The stock market is beaten; Bank closure hits industry and beyond

Major stock indexes fell in the past hour of trading, closing near session lows on a tumultuous day on Friday. Investors were shaken by the shutdown of Silicon Valley Bank, which affected the entire sector.


The Dow Jones Industrial Average fell 1.1%. The S&P 500 fell 1.5%. The Nasdaq composite lost 1.8%. The small cap Russell 2000 fared less well, down 2.9%, weighed down by its 15% banking component.

NYSE and Nasdaq volume was higher than Thursday, in preliminary numbers.

The S&P 500 and Dow found resistance at their 200-day moving averages in an earlier bounce attempt today. Both closed below this line. The Nasdaq fell below its 50-day moving average, a day after closing below the 200-day line.

The tech-heavy Invesco QQQ Trust ETF (QQQ) of the Nasdaq 100 fell 1.4%. The Innovator IBD 50 ETF (FFTY) fell 3.2%.

Crude oil rose 1.1% to $76.52 a barrel. Bitcoin futures fell another 0.8% to $19,915.

The 10-year US Treasury yield fell 22 basis points to 3.69% as investors fled to lower-risk assets.

The Labor Department’s nonfarm payroll in February rose 311,000 versus Econoday’s consensus of 223,000. The private payroll increased by 265,000 against the 213,000 expected. Manufacturing payrolls fell 4,000 from the expected increase of 10,000. The unemployment rate climbed to 3.6% from 3.4% expected.

Stock Market Woe: Bank Stock Sell-Off Intensifies

SVB Financial (SIVB) plunged more than 60% in premarket trading on top of yesterday’s 60% drop, triggering a halt in trading. The California Department of Financial Protection and Innovation closed the bank on Friday. Silicon Valley Bank’s parent company is facing a liquidity crunch that has sparked fears about the wider banking industry.

sunrun (RUN) was pulled down 12.3% on SVB news. The solar battery and storage company is a loan client of SVB Financial.

Bank of the First Republic (FRC) sold but pared earlier losses to 14.9%, adding to Thursday’s 16.5% decline.

Signature Bank (SBNY) fell 22.9% in very large volume. This added to yesterday’s 12.2% selloff.

Selling banks affected banking ETFs, with the SPDR S&P Regional Banking ETF (KRE) down 4.4%, on top of Thursday’s 8.1% drop. The SPDR S&P Bank (KBE) ETF fell 4.1%.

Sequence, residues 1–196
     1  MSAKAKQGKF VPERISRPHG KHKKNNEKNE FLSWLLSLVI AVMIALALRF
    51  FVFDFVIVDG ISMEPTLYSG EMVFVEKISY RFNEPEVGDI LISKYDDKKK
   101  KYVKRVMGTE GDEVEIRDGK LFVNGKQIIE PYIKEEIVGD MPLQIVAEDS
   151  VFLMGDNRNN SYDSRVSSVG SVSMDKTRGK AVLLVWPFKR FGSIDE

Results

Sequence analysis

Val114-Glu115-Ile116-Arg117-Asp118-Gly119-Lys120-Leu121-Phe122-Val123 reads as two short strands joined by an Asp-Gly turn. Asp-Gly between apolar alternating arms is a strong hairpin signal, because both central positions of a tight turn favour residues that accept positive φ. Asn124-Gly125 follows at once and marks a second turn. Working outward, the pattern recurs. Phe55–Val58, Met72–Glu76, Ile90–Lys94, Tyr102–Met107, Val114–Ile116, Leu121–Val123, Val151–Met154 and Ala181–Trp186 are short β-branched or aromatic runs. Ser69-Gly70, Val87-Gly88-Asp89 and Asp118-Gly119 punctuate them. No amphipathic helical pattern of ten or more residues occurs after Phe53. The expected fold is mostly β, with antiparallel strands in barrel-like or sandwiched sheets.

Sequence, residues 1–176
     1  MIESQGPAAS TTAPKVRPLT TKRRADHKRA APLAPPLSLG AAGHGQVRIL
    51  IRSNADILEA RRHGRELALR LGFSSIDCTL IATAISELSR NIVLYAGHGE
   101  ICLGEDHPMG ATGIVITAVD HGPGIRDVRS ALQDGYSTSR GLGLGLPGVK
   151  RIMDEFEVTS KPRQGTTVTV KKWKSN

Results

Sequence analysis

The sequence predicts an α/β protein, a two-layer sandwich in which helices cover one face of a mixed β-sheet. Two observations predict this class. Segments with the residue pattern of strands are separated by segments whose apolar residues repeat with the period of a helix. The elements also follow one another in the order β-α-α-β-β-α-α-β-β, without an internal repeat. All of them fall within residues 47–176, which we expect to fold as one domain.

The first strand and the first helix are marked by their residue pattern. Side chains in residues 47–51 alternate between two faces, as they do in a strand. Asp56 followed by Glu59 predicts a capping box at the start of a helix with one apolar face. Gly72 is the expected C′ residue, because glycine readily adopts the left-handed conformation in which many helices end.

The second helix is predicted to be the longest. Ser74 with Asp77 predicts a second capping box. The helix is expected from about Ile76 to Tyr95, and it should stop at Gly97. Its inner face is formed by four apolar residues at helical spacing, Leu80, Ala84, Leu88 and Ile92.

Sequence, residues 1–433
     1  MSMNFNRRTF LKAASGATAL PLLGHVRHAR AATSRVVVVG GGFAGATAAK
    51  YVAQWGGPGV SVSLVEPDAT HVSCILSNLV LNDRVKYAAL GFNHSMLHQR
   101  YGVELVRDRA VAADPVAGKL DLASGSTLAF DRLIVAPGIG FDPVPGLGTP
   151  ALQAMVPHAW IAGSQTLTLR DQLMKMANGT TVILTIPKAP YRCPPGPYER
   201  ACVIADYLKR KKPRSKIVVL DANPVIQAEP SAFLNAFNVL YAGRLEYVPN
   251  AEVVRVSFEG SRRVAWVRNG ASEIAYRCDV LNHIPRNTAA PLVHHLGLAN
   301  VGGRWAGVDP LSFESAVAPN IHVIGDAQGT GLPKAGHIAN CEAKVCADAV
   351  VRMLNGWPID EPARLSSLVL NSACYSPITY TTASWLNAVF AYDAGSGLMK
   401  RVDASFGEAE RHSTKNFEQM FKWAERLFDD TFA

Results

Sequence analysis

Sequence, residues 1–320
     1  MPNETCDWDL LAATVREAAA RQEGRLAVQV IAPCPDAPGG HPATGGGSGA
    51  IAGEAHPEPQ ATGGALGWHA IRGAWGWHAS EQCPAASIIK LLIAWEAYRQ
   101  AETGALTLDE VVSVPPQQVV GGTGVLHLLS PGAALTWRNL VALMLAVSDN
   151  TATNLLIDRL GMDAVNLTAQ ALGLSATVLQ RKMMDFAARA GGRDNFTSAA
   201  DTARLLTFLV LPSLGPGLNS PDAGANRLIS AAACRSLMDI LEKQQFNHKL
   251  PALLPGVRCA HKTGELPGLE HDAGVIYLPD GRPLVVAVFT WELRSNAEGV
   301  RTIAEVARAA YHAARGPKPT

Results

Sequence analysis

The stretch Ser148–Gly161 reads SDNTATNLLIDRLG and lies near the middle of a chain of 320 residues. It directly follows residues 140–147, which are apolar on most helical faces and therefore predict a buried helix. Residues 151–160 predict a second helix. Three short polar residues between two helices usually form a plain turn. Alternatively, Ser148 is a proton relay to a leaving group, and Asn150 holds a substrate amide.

The sale spread to other financial stocks, with a broker Charles Schwab (SCW) down 11.7%. The Financial Select Sector SPDR ETF (XLF) fared better, down 1.8%.

S&P 500 breaks final support; What to do now

Stock movers: Caterpillar is the dog of the Dow

caterpillar (CAT) fell 5.8% after UBS downgraded the stock to sell from neutral, saying there are signs demand for heavy machinery is slowing.

Stocks fell further below the 50-day moving average. The breakout could be interpreted as a sell signal, although the stock is technically forming a base. CAT was the biggest loser in the Dow today.

FTI Council (FCN) rose 3.7% and broke off a choppy 35-week base, breaking above the buy point of 188.70. Shares jumped on news that FTI has expanded its partnership with legal technology firm Relativity to expand into Australia.

On Feb. 23, FTI posted a beating on fourth-quarter results, rising its shares 10.5%. The global firm specializes in finance, litigation, economic, technological and strategic advice.

DocuSign (DOCU) lost 22.9% after reporting its fourth quarter results and announcing the resignation of the digital documents company’s chief financial officer.

Oracle (ORCL) lost 3.2% after reporting mixed quarterly results for the end of February after the bell on Thursday. ORCL sank deeper below its 50-day line.

Chinese solar stock JinkoSolar (JKS) fell 12.8% in volume, after reporting a fourth-quarter EPS failure and a sales beat. Shares fell below the 50-day line and spoiled a cut base that had been building since January.

Gap (GPS) fell 6.1% after reporting worse-than-expected fourth-quarter results, including a loss for its quarter ended in January. The news sent shares below the 200-day line. A breakout at 13.76 failed.

Follow Kimberley Koenig for more stock insights on Twitter @IBD_KKoenig.


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